As to the act called ordination or inauguration, if ever there was such an act peculiarly so called, it consisted in the imposition of the hands of the seniors or elders of the congregation. The Apostles did express their concurrence with the people’s choice by an act of this sort, and when congregations were fully set in order there was always a plurality of elders or a presbytery instituted in each congregation, who always did express their concurrence with the brethren’s call by inducting the elected into office by the joint imposition of their hands. But this eldership was not a collection of elders from different congregations assembled; but those of one congregation.–The history of this institution stands thus, and would have continued thus but for the man of sin;–Every thing essential to appointment, call, or ordination was vested in the minds of the brethren. Their desires, however expressed, gave the office to the candidate, however he was announced. The apostles so taught them. They, in the first instance, took a part, not in the call or appointment; but in the introduction and inauguration of the bishops elect. This was done in conformity to the Jewish custom of imposing their hands upon the head of the person or animal devoted. This being done, a plurality of bishops being thus introduced into any particular congregation, when, either the death of one of the eldership, or the increased demands of the congregation required another, the brethren called or elected and the eldership expressed their concurrence, and the brethren’s desire, by a formal sign expressive of the devotion of the person to the work. I say this is all that can be legitimately gathered from the volume, as to the forms of investiture; but as to the right of the brethren so to choose, and of the bishop, on this choice to officiate, there is the most ample evidence.

Here I would take the liberty to remark that in process of time, as corruption and defection progressed, it came to pass that what was, with the apostles, but the mere sign or mark, expressive of their concurrence with the brethren’s election and appointment, came by degrees to be considered as the ordination itself, independent of the brethren’s voice–Now no instance can be found in the inspired writings, where the circumstances are detailed, of the call and appointment of any brother to any office, where the call and appointment is not distinctly represented as the act of the brethren, and in no case is an ordination or appointment made without them. But their call is what, in all cases, gives the right to officiate. This is the essential thing, and the other accompaniments are the accidental properties of this thing.

The analogy between such an appointment and that of a presiding officer in a free community is as exact as any other analogy. For example, what gives any man a right to officiate as a governor or a president in a free community–Is it not the call and appointment of the people composing the community? Whether is it the voice of the people, or the form of inauguration after the people have made the appointment, which constitutes the essential consideration in creating such officers? The application is easy.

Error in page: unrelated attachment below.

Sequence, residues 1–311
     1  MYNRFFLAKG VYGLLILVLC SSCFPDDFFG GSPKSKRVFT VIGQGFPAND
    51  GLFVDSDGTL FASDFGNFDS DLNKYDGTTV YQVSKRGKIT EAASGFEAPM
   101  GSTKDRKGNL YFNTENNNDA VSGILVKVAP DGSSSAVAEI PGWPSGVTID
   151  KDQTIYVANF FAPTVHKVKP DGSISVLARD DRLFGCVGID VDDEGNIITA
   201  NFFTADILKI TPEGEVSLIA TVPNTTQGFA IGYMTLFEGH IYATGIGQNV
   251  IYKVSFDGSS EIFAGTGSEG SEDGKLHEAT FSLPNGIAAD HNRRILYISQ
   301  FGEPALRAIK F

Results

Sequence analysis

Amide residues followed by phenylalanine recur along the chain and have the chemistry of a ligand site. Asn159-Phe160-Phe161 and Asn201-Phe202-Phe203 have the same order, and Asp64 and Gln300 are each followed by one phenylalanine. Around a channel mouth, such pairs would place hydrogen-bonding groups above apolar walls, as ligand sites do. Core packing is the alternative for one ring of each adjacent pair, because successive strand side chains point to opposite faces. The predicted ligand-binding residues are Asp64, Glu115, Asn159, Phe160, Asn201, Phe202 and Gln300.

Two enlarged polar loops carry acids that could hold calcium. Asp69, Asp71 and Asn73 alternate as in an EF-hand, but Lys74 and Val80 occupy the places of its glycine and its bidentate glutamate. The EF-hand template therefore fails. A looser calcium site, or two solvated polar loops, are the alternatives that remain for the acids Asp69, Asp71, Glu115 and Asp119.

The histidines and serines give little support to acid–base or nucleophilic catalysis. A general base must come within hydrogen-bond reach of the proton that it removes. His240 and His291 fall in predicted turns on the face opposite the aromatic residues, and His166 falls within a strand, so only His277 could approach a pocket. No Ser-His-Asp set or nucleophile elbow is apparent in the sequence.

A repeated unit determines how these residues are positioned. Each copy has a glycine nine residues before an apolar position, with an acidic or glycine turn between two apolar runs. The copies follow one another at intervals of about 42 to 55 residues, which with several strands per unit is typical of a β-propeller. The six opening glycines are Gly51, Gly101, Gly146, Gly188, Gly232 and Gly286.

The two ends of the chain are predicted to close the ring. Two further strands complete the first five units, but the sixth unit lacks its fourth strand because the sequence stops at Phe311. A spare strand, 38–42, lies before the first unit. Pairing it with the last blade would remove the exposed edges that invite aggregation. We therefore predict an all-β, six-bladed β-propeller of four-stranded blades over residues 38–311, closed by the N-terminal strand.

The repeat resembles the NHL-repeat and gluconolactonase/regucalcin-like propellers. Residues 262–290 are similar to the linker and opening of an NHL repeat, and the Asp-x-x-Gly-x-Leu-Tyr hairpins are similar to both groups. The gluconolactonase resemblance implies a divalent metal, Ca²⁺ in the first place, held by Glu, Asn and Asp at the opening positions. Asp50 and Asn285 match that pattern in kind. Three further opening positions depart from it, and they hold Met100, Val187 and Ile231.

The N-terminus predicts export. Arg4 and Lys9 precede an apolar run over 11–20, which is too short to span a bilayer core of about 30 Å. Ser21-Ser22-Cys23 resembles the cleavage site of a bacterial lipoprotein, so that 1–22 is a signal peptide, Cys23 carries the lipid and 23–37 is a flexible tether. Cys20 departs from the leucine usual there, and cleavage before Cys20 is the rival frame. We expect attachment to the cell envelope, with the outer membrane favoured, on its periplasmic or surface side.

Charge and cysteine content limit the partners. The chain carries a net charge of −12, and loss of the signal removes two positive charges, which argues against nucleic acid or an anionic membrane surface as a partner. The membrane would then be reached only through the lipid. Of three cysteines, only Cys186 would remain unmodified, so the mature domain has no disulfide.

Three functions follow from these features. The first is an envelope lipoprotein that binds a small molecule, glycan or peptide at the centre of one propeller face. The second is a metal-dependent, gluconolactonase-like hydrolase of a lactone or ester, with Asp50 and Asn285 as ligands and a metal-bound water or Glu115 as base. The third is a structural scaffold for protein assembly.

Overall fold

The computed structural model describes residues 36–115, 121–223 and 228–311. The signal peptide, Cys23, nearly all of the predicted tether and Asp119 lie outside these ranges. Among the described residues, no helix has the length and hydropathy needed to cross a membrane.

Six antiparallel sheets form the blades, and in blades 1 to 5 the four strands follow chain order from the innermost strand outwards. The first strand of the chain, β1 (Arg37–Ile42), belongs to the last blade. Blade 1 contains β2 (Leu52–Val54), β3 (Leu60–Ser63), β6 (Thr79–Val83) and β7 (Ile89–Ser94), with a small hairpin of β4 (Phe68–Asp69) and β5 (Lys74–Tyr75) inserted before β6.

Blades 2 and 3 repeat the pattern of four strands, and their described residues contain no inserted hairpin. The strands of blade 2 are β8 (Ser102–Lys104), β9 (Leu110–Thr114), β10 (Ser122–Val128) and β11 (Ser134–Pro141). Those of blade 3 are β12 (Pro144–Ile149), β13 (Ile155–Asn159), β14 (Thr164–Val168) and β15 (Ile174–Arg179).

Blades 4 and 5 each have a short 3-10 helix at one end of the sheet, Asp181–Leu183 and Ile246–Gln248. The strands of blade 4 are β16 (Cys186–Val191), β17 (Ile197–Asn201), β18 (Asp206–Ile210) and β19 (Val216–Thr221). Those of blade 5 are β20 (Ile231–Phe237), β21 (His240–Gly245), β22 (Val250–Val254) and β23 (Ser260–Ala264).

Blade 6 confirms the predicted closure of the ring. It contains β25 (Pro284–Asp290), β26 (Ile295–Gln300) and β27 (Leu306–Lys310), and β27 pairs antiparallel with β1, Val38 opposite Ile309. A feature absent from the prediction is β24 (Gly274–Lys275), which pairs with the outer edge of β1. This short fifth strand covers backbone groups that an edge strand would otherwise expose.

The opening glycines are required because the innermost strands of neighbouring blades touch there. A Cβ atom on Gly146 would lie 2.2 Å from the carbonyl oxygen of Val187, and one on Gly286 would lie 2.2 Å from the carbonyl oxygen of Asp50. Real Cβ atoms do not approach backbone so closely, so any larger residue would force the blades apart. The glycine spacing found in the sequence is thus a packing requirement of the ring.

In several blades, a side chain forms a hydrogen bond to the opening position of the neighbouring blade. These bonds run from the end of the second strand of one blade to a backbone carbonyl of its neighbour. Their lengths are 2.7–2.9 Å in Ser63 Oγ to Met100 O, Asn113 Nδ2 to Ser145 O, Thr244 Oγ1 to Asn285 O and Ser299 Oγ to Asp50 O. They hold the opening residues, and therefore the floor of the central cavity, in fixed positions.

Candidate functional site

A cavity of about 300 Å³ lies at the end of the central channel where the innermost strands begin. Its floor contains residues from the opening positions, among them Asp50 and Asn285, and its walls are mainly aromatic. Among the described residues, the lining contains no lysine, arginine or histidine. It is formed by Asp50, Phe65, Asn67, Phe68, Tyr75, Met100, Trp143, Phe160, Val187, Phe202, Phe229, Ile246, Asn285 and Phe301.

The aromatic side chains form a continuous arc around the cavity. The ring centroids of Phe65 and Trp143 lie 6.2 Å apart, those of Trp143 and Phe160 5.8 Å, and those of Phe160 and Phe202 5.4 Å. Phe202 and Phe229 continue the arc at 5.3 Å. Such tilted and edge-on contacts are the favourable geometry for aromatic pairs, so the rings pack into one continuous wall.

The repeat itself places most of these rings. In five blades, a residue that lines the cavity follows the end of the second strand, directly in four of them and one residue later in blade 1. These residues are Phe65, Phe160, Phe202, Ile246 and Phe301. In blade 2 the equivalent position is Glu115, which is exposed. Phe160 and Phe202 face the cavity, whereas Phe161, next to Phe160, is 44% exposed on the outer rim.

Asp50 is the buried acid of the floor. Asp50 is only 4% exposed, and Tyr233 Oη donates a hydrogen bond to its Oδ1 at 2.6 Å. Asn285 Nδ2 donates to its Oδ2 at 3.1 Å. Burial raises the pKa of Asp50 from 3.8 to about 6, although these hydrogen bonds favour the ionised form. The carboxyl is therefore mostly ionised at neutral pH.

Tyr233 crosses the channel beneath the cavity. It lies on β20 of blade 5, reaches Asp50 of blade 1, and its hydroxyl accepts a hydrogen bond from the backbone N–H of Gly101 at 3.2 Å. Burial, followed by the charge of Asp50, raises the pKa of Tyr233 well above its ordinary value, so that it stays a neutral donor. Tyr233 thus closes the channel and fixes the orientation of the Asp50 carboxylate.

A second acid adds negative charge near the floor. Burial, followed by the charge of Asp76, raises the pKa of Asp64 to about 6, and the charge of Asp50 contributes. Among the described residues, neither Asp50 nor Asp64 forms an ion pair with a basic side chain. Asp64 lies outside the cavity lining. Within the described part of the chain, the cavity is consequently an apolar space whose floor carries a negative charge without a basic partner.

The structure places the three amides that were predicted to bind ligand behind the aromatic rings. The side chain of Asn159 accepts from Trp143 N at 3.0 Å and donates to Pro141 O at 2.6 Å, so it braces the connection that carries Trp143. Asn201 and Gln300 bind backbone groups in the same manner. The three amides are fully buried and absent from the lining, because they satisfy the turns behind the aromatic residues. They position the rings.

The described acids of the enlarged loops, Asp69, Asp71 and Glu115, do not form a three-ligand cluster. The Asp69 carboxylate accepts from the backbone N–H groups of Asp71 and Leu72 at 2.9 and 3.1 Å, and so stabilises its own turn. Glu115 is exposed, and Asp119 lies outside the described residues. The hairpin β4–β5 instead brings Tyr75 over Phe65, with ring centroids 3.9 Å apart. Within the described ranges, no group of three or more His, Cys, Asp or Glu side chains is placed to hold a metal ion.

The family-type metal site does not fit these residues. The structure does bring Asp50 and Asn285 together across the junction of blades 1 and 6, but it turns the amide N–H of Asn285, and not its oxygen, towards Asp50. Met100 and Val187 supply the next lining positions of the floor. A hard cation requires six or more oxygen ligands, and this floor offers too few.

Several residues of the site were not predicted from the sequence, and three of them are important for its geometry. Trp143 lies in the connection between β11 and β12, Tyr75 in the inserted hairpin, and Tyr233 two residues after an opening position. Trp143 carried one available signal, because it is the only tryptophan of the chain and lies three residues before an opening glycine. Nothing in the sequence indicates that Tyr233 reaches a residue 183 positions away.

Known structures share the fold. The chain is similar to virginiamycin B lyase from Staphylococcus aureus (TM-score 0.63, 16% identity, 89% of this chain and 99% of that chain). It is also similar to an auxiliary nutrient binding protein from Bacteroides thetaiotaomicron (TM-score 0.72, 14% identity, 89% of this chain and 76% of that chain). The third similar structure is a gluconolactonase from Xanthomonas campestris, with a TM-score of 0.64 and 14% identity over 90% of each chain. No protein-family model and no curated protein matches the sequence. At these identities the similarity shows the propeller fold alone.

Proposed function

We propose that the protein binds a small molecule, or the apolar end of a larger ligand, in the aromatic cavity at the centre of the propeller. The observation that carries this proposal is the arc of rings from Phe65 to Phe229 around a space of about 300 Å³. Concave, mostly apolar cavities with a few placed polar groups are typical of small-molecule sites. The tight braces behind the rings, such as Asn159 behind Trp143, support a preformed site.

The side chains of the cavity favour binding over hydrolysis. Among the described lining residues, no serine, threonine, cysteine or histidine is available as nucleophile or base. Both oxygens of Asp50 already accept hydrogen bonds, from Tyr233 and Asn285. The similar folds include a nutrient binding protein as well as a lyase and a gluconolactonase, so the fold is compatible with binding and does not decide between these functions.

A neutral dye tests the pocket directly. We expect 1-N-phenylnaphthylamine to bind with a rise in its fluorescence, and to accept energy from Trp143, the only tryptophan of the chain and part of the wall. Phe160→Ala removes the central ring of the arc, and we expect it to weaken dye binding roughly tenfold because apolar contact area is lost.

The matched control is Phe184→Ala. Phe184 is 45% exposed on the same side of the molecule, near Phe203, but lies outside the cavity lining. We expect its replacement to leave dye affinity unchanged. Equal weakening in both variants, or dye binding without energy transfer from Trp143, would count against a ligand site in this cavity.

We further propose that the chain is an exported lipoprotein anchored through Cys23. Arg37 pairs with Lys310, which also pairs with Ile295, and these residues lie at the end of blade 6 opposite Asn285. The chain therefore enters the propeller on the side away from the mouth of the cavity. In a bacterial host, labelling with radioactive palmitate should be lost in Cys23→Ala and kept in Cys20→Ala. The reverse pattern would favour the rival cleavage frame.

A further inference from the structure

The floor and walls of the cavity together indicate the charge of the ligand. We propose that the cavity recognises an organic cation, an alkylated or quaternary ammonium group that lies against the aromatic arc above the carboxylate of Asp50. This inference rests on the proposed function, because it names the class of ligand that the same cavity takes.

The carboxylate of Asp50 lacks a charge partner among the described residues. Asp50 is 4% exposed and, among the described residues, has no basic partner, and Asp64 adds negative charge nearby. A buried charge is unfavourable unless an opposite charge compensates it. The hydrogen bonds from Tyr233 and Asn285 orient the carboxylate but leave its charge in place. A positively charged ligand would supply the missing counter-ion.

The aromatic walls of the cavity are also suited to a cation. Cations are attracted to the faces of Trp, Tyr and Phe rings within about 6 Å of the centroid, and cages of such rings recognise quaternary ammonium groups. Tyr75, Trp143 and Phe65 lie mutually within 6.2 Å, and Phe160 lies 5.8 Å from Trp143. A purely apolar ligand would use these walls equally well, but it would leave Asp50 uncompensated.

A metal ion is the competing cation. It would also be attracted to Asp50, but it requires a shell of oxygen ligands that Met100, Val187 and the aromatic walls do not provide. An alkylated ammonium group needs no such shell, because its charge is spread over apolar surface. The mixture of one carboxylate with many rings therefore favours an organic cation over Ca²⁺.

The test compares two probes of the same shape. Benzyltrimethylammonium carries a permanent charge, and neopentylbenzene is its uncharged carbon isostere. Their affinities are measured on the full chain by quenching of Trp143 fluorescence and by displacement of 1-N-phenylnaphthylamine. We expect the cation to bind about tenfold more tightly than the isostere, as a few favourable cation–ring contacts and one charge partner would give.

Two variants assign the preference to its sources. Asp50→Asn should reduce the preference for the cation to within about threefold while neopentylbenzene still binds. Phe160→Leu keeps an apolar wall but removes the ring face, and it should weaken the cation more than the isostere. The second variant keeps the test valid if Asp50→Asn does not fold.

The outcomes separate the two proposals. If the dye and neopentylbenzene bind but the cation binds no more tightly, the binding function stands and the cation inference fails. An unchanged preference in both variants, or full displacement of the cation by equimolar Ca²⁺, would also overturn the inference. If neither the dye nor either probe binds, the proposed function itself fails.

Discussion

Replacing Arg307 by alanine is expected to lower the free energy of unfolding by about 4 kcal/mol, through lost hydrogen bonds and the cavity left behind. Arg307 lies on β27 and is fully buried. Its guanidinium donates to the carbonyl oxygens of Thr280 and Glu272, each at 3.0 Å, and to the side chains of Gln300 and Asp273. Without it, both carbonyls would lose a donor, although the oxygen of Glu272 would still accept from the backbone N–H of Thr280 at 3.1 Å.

The Grecian and Roman republics, the commonwealth of Israel in its primitive integrity, the republics of America, and the congregations of Christians in this one instance are essentially the same. In their first origin the people did every thing, both elect and ordain. No republic ever sent to another republic for their officers to come and make ordinations for them. No kingdom or monarchical empire ever sent for a foreign king or potentate to come and make a king for them. No Christian congregation, in the age of primitive propriety, ever sent to another for their officers to come and ordain officers for them. The imposition of hands, when first instituted among the Jews, was practiced by the laity.

In process of time persons were set apart in every community under every form of government for the purpose of inaugurating those constitutionally made officers. It was so in the Jewish, it was so in the Grecian, the Roman and the American republics. It was so in the Christian, and it will be so again.

With the history of the world, with the pages of Jewish and Christian history before me, I would contend that any congregation has a right to call, appoint, or ordain any person to any office laid down in the volume, and to do all the acts and deeds thereto appertaining, without calling to their aid the assistance of any foreign deacon, bishop or officer.

EDITOR.